For the people of New London, Texas, March 18, 1937 began like any other ordinary day—quiet and peaceful. The morning sun cut through the chill of the previous evening, and children ate their breakfast and dressed for school. My aunt did the same—not realizing it would be her last. She kissed her husband goodbye and left to teach at the local school. Emma Graham Gore was the oldest of nine children—known to my family simply as Sister.At 3:17pm, only minutes before school would be dismissed—the shop teacher started a saw igniting an electrical spark. Unknown to him, due to a leak, a natural odorless gas had collected in the basement where he was, and the flicker detonated and collapsed the whole building. In an instant, an explosion that could be heard for twelve miles took the lives of nearly 300 children plus their teachers. To give you an idea how powerful the blast, a one-ton piece of debris flung across the road and crushed a car.
Parents and the community began to dig through rubble, desperate to find their children. Tears ran trails down their faces and soon their hands were bloody from using their bare hands to dig out survivors. Felton Waggoner, the principal of the school, arrived and began screaming, “Where are my babies? Where are my babies?” clawing at the bricks as he cried out. Mr. Waggoner had been in a meeting in a nearby building at the time of the explosion.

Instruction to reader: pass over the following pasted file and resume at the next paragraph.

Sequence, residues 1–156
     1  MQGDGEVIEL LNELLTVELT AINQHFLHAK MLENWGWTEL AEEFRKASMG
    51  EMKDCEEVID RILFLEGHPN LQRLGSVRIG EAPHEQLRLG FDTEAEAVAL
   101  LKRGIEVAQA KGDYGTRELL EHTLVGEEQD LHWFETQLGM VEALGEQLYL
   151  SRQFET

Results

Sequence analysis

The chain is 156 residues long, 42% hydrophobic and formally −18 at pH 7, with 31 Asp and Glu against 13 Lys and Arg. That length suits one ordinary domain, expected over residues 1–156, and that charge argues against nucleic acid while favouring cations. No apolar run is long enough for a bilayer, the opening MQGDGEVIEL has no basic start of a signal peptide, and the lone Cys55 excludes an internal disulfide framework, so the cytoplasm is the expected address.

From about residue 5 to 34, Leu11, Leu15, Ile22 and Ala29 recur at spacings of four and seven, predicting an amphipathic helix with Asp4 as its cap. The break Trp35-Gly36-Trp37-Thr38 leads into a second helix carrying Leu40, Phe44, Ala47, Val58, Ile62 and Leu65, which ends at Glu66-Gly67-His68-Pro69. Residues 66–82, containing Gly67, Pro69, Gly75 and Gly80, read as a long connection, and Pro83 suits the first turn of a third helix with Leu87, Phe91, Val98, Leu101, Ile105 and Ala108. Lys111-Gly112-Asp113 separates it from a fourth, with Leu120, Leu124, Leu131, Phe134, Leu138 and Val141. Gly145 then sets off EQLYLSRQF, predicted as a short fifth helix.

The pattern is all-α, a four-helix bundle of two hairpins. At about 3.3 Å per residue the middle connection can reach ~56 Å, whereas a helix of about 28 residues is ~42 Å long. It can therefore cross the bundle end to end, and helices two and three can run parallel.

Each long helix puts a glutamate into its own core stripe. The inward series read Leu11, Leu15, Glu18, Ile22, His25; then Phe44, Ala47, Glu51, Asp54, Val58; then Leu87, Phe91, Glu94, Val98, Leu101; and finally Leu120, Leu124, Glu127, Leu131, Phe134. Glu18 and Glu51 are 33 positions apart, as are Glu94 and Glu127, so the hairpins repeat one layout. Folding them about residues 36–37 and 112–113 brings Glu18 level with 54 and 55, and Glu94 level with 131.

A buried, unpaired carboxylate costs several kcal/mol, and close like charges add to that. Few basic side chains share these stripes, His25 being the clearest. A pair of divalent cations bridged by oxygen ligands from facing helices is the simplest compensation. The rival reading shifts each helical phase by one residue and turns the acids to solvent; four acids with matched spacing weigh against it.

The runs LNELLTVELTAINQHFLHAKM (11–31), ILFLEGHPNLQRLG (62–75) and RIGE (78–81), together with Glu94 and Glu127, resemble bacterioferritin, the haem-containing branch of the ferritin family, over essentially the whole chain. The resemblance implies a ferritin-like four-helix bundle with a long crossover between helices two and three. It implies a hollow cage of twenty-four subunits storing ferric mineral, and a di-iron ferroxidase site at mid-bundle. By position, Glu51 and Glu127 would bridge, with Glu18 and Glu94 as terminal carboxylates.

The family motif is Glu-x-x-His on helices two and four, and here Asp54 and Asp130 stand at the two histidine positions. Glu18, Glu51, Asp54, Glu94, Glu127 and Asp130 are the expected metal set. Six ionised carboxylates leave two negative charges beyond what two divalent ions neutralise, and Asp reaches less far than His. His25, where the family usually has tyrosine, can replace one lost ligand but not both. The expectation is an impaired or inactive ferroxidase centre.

The agony on that day was excruciating, the cries and screams could be heard for hours. There wasn’t a family in the community not affected by the disaster. Most families lost at least one child, sometimes more. The pain lingered for decades, and weeping comes at the retelling of the tragedy even 75 years later.
A town lost a generation that day, and my family lost Sister. My uncle went and identified her by the dress she wore that day and a piece of jewelry.
Photos: Before and after explosion
For more information, photos, and stories behind the New London Explosion, go to www.newlondonschool.org.
~ Karen Gaus ~